, rats were perfused transcardially with 250 mL isotonic saline followed by 500 mL cold 4% paraformaldehyde in 0.1 M PB (pH 7.4) at 5 min after noxious stimulation. Furthermore, naive and CFA-injected rats were perfused transcardially in the absence of noxious mechanical stimulation. The medulla and upper cervical spinal cord were removed and placed in the same fixative overnight at 4°C. These tissues were transferred to 20% sucrose in 0.01 M phosphate-buffered saline (PBS) for several days for cryoprotection. Thirty micrometer thick sections of the medulla and upper cervical spinal cord were cut with a freezing microtome at -20°C, and every fourth section was collected in 0.01 M PBS. Free-floating sections were rinsed in 0.01 M PBS, blocked in 3% normal goat serum (NGS) for 1 h at room temperature (RT), and then incubated with rabbit anti-pERK (Thr202/Tyr204) antibody (1:1,000, Cell Signaling Technology, Beverly, MA, USA) in 3% NGS with 0.75% Triton X-100 for 72 h at 4°C. After rinsing, sections were incubated with biotinylated goat anti-rabbit antibody (1:600, Vector Laboratories, Burlingame, CA, USA) for 2 h at RT. Following rinses in 0.01 M PBS, these sections were reacted with peroxidase-conjugated avidin-biotin complex (ABC, 1:50, Vector Laboratories) for 1 h at RT. They were washed in 0.05 M Tris buffer (TB) and incubated with 0.035% 3,3’-diaminobenzidine-tetra hydrochloride (DAB, Tokyo Chemical Industry, Tokyo, Japan) in 0.05 M TB containing 0.2% nickel ammonium sulfate and 0.05% hydrogen peroxide for 3 to 4 min. Sections were finally rinsed in 0.01 M PBS, mounted on gelatin-coated slides, air-dried, dehydrated in ethanol, cleared in xylene, and coverslipped. All specific staining was abolished by omission of the primary antibody in the process.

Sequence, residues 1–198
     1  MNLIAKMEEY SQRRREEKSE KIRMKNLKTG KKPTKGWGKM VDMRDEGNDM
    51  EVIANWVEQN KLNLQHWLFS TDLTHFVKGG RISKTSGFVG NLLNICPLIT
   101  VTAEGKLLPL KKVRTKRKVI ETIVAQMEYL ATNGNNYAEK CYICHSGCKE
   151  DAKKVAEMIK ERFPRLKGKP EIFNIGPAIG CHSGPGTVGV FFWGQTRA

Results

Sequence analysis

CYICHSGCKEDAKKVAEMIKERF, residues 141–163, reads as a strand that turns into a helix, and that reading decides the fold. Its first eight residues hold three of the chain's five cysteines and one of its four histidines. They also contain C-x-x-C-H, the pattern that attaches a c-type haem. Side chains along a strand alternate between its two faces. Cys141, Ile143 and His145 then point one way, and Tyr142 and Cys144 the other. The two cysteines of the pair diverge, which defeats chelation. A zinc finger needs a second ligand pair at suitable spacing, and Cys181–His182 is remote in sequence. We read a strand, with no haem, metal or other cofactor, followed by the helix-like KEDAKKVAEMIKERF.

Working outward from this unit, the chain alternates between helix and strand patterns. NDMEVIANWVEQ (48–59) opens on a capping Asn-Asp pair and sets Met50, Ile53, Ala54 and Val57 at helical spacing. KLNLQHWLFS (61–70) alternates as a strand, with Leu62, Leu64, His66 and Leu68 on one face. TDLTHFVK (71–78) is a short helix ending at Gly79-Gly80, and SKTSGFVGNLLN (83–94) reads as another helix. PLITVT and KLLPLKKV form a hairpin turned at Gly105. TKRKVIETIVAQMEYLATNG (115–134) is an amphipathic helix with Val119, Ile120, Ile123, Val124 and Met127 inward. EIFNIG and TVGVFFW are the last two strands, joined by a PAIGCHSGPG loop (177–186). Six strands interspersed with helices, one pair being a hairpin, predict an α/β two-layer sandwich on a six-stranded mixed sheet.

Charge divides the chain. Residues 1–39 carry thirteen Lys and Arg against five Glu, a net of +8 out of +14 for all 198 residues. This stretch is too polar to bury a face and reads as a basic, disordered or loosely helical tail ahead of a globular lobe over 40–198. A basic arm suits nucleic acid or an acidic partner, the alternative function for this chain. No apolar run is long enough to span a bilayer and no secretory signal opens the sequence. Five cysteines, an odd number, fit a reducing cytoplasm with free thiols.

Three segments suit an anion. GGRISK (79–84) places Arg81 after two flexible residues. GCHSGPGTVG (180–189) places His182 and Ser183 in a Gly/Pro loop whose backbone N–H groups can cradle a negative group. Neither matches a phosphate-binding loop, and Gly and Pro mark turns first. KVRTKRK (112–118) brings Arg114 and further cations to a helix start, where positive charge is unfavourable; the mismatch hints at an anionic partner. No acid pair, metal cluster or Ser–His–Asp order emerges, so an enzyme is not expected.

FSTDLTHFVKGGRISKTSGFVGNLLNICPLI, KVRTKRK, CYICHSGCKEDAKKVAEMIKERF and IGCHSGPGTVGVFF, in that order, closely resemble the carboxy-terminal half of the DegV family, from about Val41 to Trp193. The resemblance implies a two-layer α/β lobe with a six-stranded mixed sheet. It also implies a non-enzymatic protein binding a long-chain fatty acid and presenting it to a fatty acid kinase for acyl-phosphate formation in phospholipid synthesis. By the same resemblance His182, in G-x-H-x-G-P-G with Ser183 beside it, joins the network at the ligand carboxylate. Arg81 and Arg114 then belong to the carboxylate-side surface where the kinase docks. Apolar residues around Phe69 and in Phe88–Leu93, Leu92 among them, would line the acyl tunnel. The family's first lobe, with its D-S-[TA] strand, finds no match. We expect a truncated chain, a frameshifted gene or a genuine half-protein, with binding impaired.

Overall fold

The pERK-IR cells were counted under a light microscope with an attached camera lucida drawing tube (Neurolucida 2000, MicroBrightField, Colchester, UT, USA). The sections were then grouped into 720 μm segments rostrocaudally with reference to the obex. In order to analyze rostrocaudal distribution of pERK-IR cells, the number of pERK-IR cells from three sections at each level in Vc and C1-C2 was counted, and then averaged from five rats in each group. The cells showing more intense staining than the average background were considered positive for pERK immunoreactivity. The whole counting process was performed by an investigator blind to the experimental treatments.